Wednesday, April 24, 2013

Building Suspense One Delay at a Time

So many ways to build suspense …
The suspense genre is different from the mystery genre in that the reader already knows how the murder or heist went down in the beginning.  The rest of the story is the protagonist trying to solve the murder or run from the murder and eventually answer the question or defeat the enemy.  Suspense really is delaying the answer to a question posed at the beginning of the novel.  For instance, look at any Alfred Hitchcock movie and you’ll see perfect examples of suspense at work.  Hitchcock is the one who penned the famous quote about the “suspense bomb” and showing the difference between surprise and suspense.  If you haven’t heard about this quote, here it is:
Hitchcock said “There is a distinct difference between "suspense" and "surprise," and yet many pictures continually confuse the two. I'll explain what I mean.
          We are now having a very innocent little chat. Let's suppose that there is a bomb underneath this table between us. Nothing happens, and then all of a sudden, ‘Boom!’ There is an explosion. The public is
surprised, but prior to this surprise, it has seen an absolutely ordinary scene, of no special consequence. Now, let us take a suspense situation. The bomb is underneath the table and the public knows it, probably because they have seen the anarchist place it there. The public is aware the bomb is going to explode at one o'clock and there is a clock in the decor. The public can see that it is a quarter to one. In these conditions, the same innocuous conversation becomes fascinating because the public is participating in the scene.           The audience is longing to warn the characters on the screen: ‘You shouldn't be talking about such trivial matters. There is a bomb beneath you and it is about to explode!’
          In the first case we have given the public fifteen seconds of
surprise at the moment of the explosion. In the second we have provided them with fifteen minutes of suspense. The conclusion is that whenever possible the public must be informed. Except when the surprise is a twist, that is, when the unexpected ending is, in itself, the highlight of the story.”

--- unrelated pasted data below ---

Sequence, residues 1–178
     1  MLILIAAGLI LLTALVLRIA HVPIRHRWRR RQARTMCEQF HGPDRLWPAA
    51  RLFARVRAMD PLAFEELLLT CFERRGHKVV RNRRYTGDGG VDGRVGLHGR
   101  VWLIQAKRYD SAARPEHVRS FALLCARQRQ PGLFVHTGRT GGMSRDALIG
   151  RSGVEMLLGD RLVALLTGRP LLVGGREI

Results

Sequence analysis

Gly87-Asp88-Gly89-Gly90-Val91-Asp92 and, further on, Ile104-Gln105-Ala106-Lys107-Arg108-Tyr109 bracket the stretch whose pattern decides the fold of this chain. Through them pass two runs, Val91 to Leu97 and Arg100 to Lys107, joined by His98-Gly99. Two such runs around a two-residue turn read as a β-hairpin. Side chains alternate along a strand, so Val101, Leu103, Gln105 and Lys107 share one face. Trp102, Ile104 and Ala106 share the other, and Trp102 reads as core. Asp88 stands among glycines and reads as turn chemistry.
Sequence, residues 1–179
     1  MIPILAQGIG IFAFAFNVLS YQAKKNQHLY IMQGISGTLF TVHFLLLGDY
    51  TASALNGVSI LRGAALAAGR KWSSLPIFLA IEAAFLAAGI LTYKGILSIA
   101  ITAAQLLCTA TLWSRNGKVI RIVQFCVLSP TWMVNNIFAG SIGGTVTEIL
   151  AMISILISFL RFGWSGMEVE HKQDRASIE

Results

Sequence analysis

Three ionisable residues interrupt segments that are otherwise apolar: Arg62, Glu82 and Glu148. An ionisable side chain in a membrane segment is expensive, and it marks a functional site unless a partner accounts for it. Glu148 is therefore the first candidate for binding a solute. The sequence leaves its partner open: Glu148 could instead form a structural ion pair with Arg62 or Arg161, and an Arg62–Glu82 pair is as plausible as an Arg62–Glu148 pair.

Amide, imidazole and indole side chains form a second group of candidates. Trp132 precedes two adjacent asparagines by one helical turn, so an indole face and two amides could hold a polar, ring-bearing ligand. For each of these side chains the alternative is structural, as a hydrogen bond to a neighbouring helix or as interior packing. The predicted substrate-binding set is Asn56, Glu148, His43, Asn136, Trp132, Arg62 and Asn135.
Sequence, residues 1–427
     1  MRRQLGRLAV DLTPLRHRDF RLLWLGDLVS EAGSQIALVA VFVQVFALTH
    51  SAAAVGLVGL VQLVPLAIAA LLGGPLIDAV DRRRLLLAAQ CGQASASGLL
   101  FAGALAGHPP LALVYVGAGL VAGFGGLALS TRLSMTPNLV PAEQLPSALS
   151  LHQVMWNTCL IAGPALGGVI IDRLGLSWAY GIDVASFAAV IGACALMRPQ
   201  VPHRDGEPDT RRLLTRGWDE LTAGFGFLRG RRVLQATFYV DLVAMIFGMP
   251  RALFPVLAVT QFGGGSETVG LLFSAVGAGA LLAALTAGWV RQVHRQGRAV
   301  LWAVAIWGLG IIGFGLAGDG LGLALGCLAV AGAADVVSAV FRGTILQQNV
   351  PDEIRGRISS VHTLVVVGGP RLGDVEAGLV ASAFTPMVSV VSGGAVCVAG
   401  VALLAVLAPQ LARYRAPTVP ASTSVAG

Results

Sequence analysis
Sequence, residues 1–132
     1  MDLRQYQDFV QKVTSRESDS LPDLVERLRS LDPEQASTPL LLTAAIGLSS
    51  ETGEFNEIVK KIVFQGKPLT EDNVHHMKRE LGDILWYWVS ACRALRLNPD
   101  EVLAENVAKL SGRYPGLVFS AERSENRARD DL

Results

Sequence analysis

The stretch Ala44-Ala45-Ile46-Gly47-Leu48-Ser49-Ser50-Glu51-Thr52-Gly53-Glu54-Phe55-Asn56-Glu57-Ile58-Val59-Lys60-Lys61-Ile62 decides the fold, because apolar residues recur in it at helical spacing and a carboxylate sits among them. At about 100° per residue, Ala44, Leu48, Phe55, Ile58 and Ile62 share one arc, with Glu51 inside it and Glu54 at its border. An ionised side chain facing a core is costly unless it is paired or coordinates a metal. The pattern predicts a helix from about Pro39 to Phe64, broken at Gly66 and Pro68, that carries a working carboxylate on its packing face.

I’m sure most people have seen Rear Window starring Jimmy Stewart and Grace Kelly.  In the beginning we along with Jimmy Stewart watch as the neighbor/murderer does away with his wife---at least he leaves an awful lot of clues for us to believe that.  So the question then is will Jimmy Stewart gather enough evidence and the ear of the police department to arrest the murdering neighbor.  That answer is delayed throughout the movie.  The police don’t believe him.  His colleague from work makes him feel like he’s crazy.  Grace Kelly is pawing him and trying to avert his attention to herself and their relationship.  Finally he wins Grace and a nurse over to his side when they too notice something peculiar about the neighbor and his apartment whose window backs up their window.  You can see how it all ends if you haven’t already seen Rear Window, but of course I’ll tell you that the answer finally gets answered at the end.
          Novelists and screenwriters use several devices and techniques to stir up suspense.  Here are a few of the old tried and true ones…
          *Use story structure to build suspense—You can tell a story from two different points in time.  You can tell a story through different switching points of view.  Both of these techniques delay the answer to the problem and creates suspense, and maybe a little frustration, too.  Also, chapter endings are great places to plant cliff-hangers or new developments in a story.  Just don’t go over-kill with this because then a reader could tire of too many and now predictable cliff-hangers.  Remember, always use a little moderation with everything. 
          *Use threat to build suspense—If the protagonist isn’t in danger or something that means so much to them is not at stake, then what do they have to lose?  Where’s the suspense?  Make sure you have a perilous journey ahead for your protagonist.  Feel free to give us a bit of the antagonist’s POV, so we’ll know what the protagonist is up against.
          *Use the urgency of time to build suspense—You know how you feel if you’re running late for an important event—transfer that same anxiety into your readers throughout the story.  Remember Hitchcock’s aphorism about the two people eating breakfast while a bomb ticks beneath the table?  There’s an urgency of time in that scene he’s created.
          *Use worry to build suspense—For a suspense to be really good, the reader needs to be worried about the person and the outcome of the story.  They’re wondering how in the world will this work out for the protagonist?  They’re up against so many obstacles.  When the reader really wants something to happen and it’s not yet happening…that’s good suspense.  By making the reader worry, you’re keeping the reader engaged, curious, and invested in the outcome of the story.
          When I look for a new suspense book to read, I look for these things and most of the time they appear in the story, but when they don’t it proves to be an unsatisfying reading experience.  And that’s probably because the writer hasn’t taken the time to understand what makes suspense tick and what draws readers to this genre.  Instead of asking what do my readers want to happen, maybe ask what do my readers not want to happen…just yet. 

--Lisa M. Logan is author of HOUSE OF MIRRORS

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